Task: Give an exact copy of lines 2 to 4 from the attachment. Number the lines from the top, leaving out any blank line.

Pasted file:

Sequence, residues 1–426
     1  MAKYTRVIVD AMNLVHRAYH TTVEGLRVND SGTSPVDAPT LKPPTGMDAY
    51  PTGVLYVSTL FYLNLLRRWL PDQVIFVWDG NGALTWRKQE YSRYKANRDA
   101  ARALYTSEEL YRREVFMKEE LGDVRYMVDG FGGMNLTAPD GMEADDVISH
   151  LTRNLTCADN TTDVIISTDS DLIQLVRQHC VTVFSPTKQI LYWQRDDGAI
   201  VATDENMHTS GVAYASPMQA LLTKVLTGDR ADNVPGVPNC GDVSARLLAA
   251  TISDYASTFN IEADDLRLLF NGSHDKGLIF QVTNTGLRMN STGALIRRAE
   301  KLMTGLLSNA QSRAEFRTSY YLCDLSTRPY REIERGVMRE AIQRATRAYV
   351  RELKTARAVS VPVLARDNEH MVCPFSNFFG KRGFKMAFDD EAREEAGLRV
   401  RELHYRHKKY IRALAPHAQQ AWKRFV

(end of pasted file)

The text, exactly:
     1  MAKYTRVIVD AMNLVHRAYH TTVEGLRVND SGTSPVDAPT LKPPTGMDAY
    51  PTGVLYVSTL FYLNLLRRWL PDQVIFVWDG NGALTWRKQE YSRYKANRDA
   101  ARALYTSEEL YRREVFMKEE LGDVRYMVDG FGGMNLTAPD GMEADDVISH